• from 1 January 2020 (or at first renewal thereafter), this requirement will increase to 50%.

  
Q5. Why has a formalised corporate Chartered contract been introduced?

A: Corporate Chartered status was launched in 2007. Since then, the rules, requirements and obligations have naturally developed to reflect market changes and overall aspirations for the scheme.

It has become clear that all parties would benefit from having a formalised contract. Consequently, the contract (comprising Guidance, Terms & Conditions and supporting Rules) essentially codifies the existing requirements and standards, with updates and additions included where these will improve clarity, reinforce the intended requirements of the scheme and comply with changes in legislation.

All existing Chartered organisations were written to in advance of the contract being introduced so they could familiarise themselves with this.
 
   
Q6. Are organisations to be audited/inspected by the CII?
A: Yes. As part of our monitoring and disciplinary procedures, the CII will be auditing 10% of Chartered organisations annually from 2016.

By applying for corporate Chartered status, an organisation (and its staff) commits to achieving compliance with the stated requirements now and at each subsequent renewal. To ensure compliance with the scheme criteria, the CII retains the right to validate any declarations made. This can include, but is not limited to, requests for additional supporting documentary evidence and personal visits to an organisation's premises. Personal visits/telephone interviews may be undertaken on the organisation's initial application, at any subsequent renewal or at any time between renewals, at the discretion of the CII.

If an organisation is found not to comply with the specified requirements of corporate Chartered status, it may be refused the award or an existing award may be withdrawn. The CII liaises with other organisations such as the regulator, both within the UK and overseas, to monitor the activity of Chartered organisations to ensure the scheme rules are not being contravened.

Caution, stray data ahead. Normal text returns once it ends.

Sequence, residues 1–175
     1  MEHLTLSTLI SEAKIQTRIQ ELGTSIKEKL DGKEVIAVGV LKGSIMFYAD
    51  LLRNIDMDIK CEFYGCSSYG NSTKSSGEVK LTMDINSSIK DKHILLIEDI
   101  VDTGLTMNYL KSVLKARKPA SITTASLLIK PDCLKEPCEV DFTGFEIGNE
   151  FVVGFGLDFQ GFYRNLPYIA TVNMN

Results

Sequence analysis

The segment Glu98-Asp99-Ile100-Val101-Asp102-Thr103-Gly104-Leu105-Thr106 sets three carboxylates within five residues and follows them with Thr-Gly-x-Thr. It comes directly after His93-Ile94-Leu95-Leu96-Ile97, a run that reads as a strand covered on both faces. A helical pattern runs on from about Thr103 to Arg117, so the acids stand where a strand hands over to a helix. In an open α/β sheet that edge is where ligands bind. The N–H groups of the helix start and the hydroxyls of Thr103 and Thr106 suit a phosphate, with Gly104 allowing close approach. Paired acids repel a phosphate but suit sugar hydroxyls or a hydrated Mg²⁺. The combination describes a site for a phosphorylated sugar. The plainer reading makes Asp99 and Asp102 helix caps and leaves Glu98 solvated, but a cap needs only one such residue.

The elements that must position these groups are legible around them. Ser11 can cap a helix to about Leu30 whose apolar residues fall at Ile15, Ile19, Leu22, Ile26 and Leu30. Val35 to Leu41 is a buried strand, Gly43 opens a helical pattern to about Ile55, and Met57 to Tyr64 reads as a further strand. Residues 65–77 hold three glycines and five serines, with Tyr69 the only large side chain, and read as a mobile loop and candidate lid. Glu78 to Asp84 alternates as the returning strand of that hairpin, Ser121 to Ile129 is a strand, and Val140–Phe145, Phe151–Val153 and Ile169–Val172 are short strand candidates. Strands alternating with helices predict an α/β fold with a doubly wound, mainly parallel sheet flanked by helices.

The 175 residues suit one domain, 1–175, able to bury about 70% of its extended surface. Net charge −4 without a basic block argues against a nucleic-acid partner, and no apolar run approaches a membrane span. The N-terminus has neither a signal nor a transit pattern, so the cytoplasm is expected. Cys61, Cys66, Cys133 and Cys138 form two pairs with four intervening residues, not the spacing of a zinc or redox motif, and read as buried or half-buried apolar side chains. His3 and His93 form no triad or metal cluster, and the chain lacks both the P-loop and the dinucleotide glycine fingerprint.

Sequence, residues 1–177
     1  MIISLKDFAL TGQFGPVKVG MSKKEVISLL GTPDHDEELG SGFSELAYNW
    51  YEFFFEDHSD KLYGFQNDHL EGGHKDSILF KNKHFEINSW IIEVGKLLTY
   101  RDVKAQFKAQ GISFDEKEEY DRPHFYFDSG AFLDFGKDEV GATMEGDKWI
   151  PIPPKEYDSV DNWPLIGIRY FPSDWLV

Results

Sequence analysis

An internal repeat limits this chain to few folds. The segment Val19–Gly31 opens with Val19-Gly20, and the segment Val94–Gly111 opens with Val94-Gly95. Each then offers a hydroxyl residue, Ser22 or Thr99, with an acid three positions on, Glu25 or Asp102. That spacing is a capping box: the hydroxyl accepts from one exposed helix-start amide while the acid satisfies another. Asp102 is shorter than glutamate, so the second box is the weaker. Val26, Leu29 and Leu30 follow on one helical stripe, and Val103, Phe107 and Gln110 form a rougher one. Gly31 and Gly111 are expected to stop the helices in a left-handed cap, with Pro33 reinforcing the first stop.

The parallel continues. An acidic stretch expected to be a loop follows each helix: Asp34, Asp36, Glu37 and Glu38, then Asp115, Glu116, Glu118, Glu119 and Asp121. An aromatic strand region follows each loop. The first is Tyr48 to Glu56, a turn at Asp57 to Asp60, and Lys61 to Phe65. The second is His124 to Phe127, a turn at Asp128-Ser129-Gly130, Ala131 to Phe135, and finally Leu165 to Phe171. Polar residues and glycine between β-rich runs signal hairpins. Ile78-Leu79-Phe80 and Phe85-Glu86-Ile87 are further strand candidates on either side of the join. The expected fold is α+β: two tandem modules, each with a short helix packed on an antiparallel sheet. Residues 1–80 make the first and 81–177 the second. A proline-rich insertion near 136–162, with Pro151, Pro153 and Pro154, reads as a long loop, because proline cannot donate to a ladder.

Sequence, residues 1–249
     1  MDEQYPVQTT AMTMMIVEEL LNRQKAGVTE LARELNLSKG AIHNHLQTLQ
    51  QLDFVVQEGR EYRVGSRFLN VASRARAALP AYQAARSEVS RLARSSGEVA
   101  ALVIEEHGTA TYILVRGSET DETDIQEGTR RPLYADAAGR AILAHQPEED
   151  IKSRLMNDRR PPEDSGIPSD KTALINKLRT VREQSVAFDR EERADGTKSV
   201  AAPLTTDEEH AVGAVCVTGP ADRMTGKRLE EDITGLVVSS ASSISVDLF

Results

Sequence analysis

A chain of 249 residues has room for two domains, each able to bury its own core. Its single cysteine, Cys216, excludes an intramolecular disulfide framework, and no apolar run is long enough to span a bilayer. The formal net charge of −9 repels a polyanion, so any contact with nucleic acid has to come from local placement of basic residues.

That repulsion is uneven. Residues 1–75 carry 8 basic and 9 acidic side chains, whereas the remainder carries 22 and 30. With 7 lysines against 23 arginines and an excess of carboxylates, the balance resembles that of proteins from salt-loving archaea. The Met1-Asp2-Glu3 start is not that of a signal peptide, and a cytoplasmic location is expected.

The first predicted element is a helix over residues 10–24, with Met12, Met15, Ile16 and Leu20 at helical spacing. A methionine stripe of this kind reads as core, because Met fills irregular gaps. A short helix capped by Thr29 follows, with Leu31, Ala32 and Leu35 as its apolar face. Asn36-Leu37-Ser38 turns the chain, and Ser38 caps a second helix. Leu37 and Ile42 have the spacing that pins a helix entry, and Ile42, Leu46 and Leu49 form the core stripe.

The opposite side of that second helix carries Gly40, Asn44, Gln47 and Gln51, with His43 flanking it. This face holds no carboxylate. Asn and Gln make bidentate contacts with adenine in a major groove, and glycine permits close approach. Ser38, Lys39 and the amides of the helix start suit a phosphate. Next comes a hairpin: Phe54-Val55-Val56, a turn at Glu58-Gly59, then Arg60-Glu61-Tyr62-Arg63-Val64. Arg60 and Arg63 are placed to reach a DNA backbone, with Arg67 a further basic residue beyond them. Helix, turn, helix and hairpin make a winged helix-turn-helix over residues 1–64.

The CII will monitor any complaints received directly from the public or any actions which are likely to constitute grounds for non-compliance, such as action taken by the FCA or other regulator.


Q7. What is the purpose of the CCS audit? 
A: The audit has two purposes. The first is so that a picture of good practice can be ascertained and shared amongst other CCS Entities. The second is to give such guidance as may be necessary and ensure that CCS Entities understand their obligations and are maintaining their eligibility. 

  
Q8. Is there more to Chartered status than simply using the title?
A: Absolutely. Chartered status - which flows from a Royal Charter - involves a number of serious obligations. Chartered titles are jealously guarded by all professional bodies and are not awarded lightly. The title is not simply recognition for staff having passed examinations or for paying an annual fee, and it reflects objective professional standards, not standards chosen by any one professional body.

A Chartered title is a public declaration that advice given by an organisation is:
• of the highest quality;
• based solely on the researched needs of the consumer;
• provided by someone not exceeding their level of competency.

It also signifies that an organisation's staff, where members of the CII/PFS, are governed by a Code of Ethics, and that disciplinary sanctions are applied to those who transgress. A Chartered title is therefore an overall commitment to excellence and professionalism.